Clause 3

Part of Legal Services Bill [Lords] – in a Public Bill Committee at 6:45 pm on 12th June 2007.

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Photo of Bridget Prentice Bridget Prentice Parliamentary Under-Secretary, Ministry of Justice 6:45 pm, 12th June 2007

One of my aims in the debates on the Bill and in my discussions with stakeholders, whether they are from the legal professions, consumers or colleagues, is to ban the phrase “light touch”. This is not about light touch, but about proportionality. I want everyone, if I can persuade them, not to use the words “light touch” or any reference to touch, but the term “proportionate regulation”. I will then feel that I have achieved something.

We very much recognise that the smaller regulators in particular—ITMA and CIPA have been quoted extensively—might want statutory assurances about how they will be considered under the new framework. It is perfectly understandable that they might be concerned about that, but there can be no question but that an effective regulator must have regard to at least some of the considerations listed in amendment No. 213.

There is therefore nothing between us on the question of whether regulation should be proportionate. Clearly it should. Where we differ is on whether we consider it important to try to define it in the Bill. Indeed, in quoting CIPA and ITMA, the hon. Gentleman recognised that the board, the Office for Legal Complaints and the approved regulators must be able to take a proportionate approach on a case-by-case basis, which is the aspect on which we should concentrate our attention. I am concerned that trying to define what the board should take into consideration might cast doubt on whether other important factors also apply in a particular case.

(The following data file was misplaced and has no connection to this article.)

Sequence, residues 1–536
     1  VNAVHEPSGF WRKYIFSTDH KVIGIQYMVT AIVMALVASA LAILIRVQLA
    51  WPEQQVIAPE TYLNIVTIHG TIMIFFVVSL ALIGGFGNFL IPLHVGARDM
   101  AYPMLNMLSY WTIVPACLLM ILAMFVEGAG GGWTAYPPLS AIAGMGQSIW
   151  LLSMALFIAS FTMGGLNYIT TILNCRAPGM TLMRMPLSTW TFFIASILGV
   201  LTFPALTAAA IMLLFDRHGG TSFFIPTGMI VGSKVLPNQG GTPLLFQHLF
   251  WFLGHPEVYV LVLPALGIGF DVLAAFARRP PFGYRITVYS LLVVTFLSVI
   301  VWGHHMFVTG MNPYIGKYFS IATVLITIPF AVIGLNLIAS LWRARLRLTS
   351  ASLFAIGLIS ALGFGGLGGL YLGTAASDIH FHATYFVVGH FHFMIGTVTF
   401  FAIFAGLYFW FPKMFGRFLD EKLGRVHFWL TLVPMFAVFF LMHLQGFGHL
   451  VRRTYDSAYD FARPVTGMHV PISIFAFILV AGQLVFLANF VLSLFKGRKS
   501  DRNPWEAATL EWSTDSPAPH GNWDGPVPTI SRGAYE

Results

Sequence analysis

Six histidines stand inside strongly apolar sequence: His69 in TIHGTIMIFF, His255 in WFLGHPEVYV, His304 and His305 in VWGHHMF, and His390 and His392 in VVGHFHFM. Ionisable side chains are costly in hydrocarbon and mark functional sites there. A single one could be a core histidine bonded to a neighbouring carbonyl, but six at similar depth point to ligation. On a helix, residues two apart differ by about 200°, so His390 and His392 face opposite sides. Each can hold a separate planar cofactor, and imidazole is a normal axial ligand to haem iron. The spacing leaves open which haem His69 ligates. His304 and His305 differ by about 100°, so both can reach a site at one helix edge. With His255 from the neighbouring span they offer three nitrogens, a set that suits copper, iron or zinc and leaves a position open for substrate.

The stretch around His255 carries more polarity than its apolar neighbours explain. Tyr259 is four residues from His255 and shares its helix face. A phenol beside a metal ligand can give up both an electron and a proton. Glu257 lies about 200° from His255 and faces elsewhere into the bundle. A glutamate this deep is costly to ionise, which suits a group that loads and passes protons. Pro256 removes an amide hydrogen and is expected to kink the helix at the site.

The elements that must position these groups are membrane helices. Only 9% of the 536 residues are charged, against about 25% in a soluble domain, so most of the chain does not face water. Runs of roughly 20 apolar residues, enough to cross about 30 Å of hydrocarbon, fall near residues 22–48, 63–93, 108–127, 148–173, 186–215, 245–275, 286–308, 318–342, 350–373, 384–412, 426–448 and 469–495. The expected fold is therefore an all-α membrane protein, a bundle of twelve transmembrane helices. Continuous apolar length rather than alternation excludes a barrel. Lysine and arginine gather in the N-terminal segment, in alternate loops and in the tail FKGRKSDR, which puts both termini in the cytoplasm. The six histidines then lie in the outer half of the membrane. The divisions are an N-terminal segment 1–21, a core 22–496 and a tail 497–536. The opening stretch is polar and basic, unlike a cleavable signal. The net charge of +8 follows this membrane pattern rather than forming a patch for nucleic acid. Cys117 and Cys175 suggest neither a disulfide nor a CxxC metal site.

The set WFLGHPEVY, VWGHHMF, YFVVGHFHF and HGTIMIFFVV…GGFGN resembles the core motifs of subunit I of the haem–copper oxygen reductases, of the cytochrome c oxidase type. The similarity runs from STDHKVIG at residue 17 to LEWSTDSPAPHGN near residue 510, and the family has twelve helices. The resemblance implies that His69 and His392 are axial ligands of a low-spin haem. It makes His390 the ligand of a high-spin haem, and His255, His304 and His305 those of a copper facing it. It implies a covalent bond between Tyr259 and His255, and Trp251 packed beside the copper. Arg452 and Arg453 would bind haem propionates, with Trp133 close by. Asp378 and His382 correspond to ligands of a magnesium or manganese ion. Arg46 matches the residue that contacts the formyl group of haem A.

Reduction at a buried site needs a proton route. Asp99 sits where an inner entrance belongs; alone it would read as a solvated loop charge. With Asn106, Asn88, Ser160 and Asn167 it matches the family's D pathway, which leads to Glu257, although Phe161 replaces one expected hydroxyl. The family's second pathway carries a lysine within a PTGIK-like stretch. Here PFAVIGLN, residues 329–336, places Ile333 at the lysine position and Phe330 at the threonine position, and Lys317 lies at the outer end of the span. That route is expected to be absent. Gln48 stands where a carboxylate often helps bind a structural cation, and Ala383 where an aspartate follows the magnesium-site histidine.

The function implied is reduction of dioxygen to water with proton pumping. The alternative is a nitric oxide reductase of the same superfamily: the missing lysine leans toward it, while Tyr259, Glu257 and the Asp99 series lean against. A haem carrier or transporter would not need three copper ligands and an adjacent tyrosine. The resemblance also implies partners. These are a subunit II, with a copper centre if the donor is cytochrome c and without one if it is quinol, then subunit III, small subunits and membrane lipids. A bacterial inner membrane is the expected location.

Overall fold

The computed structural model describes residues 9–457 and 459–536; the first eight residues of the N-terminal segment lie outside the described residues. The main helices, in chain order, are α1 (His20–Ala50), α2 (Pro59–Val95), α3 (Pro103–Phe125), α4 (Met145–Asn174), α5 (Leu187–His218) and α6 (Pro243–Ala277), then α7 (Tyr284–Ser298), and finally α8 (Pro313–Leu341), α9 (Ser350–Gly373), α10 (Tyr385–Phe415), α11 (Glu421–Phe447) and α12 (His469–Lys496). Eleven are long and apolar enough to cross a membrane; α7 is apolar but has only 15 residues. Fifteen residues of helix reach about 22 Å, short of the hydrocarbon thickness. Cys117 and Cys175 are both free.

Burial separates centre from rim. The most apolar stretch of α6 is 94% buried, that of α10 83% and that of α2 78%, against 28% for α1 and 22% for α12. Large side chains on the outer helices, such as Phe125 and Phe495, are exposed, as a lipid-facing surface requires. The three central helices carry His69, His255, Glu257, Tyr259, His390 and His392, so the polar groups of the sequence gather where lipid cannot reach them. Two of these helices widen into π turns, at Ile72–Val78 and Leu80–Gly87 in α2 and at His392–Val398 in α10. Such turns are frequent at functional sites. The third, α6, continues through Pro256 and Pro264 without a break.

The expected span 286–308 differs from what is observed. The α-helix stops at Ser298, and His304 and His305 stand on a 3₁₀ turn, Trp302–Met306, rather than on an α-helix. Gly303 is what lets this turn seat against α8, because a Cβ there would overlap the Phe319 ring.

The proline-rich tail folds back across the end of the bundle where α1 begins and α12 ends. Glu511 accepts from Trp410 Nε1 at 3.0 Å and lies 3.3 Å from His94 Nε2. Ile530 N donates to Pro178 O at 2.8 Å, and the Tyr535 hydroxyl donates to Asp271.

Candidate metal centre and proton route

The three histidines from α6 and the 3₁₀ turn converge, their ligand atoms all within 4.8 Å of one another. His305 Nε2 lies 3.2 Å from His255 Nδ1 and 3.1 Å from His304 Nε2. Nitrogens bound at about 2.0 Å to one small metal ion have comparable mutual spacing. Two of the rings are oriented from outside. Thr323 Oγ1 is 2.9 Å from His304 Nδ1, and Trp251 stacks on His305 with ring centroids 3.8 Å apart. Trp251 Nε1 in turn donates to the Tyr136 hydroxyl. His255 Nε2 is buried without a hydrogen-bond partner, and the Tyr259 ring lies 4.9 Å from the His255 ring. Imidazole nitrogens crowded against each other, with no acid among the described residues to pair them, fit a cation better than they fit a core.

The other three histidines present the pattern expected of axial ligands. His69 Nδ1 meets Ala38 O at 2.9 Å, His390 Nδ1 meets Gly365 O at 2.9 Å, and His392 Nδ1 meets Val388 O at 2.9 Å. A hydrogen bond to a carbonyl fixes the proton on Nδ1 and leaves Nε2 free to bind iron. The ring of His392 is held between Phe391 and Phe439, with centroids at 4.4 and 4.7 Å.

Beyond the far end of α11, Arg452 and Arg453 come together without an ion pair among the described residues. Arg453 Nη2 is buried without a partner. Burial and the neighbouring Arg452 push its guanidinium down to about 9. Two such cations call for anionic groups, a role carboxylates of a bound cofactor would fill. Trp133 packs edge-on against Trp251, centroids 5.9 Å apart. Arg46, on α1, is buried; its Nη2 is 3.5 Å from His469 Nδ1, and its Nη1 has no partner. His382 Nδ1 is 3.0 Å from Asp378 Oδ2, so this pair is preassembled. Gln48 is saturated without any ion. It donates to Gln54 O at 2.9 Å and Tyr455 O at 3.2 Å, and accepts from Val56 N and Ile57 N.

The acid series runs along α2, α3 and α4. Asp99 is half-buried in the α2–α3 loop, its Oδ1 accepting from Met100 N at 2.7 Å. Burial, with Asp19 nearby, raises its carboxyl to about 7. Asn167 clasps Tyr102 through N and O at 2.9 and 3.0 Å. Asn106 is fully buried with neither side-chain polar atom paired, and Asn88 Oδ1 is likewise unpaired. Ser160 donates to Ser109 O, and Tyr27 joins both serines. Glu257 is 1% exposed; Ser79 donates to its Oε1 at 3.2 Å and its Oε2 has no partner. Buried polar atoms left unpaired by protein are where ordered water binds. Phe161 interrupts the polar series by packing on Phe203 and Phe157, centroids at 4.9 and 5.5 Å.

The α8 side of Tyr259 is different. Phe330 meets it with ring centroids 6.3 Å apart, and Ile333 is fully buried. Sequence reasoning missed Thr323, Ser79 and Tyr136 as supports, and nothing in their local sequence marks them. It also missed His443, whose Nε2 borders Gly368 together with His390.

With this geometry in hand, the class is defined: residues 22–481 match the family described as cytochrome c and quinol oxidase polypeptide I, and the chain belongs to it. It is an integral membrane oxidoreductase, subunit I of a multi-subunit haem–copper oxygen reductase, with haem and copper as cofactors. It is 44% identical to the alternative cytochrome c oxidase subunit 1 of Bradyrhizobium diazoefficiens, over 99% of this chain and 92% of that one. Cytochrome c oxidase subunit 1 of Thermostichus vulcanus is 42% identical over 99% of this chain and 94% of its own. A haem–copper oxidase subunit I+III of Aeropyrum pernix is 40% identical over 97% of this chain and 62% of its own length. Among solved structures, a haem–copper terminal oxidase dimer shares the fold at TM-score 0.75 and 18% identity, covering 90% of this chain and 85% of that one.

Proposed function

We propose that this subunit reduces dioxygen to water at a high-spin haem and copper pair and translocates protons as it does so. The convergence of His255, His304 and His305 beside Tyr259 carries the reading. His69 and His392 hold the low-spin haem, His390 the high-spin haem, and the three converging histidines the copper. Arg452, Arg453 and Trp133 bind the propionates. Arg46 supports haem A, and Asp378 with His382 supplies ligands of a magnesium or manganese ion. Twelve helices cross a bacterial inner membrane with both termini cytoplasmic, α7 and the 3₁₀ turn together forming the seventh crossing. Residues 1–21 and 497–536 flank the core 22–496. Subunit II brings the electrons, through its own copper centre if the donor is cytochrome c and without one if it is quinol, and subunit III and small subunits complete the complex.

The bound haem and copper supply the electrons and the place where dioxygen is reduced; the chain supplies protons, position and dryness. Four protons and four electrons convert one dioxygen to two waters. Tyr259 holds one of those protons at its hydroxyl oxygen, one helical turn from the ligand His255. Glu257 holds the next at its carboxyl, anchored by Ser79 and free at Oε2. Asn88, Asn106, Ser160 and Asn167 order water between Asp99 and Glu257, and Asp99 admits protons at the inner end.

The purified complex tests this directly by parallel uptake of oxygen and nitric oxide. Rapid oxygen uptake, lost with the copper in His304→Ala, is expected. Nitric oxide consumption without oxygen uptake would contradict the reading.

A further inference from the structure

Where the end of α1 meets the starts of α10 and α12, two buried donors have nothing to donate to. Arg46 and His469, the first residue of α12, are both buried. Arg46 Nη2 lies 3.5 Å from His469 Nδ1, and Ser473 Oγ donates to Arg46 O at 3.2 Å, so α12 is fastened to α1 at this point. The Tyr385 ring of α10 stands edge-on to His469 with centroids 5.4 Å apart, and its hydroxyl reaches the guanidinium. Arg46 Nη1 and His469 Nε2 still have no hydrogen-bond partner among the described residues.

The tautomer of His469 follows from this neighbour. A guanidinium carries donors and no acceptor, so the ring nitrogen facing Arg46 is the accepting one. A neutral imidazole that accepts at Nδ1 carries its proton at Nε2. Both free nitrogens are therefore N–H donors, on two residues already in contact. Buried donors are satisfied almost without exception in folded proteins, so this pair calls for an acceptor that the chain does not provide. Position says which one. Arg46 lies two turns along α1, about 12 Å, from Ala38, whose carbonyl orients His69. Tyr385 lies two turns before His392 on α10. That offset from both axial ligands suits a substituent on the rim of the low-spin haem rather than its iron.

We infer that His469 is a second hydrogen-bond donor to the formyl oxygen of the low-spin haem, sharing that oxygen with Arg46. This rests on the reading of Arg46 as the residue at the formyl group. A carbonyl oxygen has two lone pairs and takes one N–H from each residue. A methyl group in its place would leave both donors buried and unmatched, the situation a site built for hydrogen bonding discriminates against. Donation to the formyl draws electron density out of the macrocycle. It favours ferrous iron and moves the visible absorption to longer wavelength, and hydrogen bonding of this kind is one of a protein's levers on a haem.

In amendment No. 213, the hon. Gentleman highlights a number of different considerations that he regards as essential to the exercise of proportionate regulation. However, the key point is that there might be equally applicable and important factors that are not contained in the amendment. Setting out those considerations in the Bill could suggest that they had greater weight than other, non-statutory factors, which might be more important in relation to a particular regulatory decision.

To give the Committee an example, I am sure that hon. Members are all aware that the principle of proportionality is well established in legislation. Section 2(3) of the Legislative and Regulatory Reform Act 2006 establishes that

“regulatory activities should be carried out in a way which is transparent, accountable, proportionate and consistent” and that they

“should be targeted only at cases in which action is needed.”

Those concepts are not defined in the 2006 Act, and we have simply replicated that model in the Bill.